Placebo paradox

Ethicist Dr Peter Nelson considers some profound implications in the apparent benefits of complementary and alternative medicine. 

I RECENTLY noticed the epithet “….Recognised by the NHS….” in a magazine advert for one of those bracelets which are meant to somehow impart a form of therapeutic power. ‘Recognised’, in a regulatory context, means that an evidenced-based medicine protocol has been applied to a therapy and concluded there is a proven therapeutic effect. It can also mean that it has been ‘noticed and identified as something which one knows about’ without applying any measured attributes. In the latter sense, the NHS is not morally obliged to defend their stance and the perpetrator of the advert will suffer no recriminations.

What concerns me, in terms of medical education and practice, is a more pervasive issue. What started out as ‘alternative therapies’ and then surreptitiously (or covertly) became ‘complementary therapies’ transformed itself into complementary and alternative medicine (CAM). Then it became what we now know as a form of integrative medicine (IM). In Germany it is an accepted part of medical school curricula. In the UK there is a side door approach. The result is CAM therapies are currently ‘recognised’ as valid forms of medical practice in both of the above senses of the word.

Indeed, many universities in the UK and abroad have been offering courses leading to bachelors degrees in some of the most commonly utilised CAM therapies like acupuncture and herbalism: in other words, those which do not have separate colleges for the study of these disciplines (homeopathy, chiropractic and osteopathy). It is extraordinary that, although these courses defy scientific explanation, they are studied within the universities’ science departments. Different commentators have said they would be less critical if these subjects were taught in sociology or anthropology departments.

Placebo effect

Until recently, there had been no concerted effort to demonstrate the therapeutic efficacy of these therapies. This is amazing considering the fact that more patients attend CAM practitioners than GPs in the UK and for very good reasons, including well-demonstrated social, psychological and cultural reasons. Perhaps the most significant factor of all which is presently being addressed by academics is the ‘placebo effect’. This approach is seen as the best means to assess the value of CAM therapies on a firm scientific footing.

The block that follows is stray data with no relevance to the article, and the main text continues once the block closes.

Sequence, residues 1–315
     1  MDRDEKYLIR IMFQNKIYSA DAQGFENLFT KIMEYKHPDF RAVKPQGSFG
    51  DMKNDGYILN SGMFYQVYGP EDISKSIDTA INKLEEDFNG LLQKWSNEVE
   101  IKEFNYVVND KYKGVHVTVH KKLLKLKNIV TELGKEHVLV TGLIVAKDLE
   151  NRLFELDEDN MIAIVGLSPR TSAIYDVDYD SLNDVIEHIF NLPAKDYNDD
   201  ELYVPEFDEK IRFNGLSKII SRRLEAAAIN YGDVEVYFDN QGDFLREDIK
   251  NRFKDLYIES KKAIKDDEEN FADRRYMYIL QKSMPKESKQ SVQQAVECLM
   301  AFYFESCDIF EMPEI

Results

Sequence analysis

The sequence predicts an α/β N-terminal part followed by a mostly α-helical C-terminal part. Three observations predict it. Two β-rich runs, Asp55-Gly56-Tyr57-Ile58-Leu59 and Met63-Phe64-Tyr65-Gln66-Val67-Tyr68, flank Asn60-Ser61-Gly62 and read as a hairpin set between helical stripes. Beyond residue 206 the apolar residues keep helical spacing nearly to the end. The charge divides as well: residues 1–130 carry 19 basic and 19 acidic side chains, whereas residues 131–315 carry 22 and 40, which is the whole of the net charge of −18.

Professor Edzard Ernst of the Peninsula Medical School and colleagues have been systematically applying meta-analytical evidence based medicine to individual therapies to overcome the anecdotal assessment and the poorly constructed trials which have historically been used to test their effectiveness. So far, the therapies investigated have shown to be no better than the placebos against which they have been tested in statistically significant, controlled, double-blind trials.

Many researchers are now of the impression that CAM is no better than placebo and what we are dealing with is the placebo effect/response. In drug trials, there is often a significant percentage of patients in the control placebo group who receive a positive therapeutic effect equivalent to those receiving the tested medication.

Paradox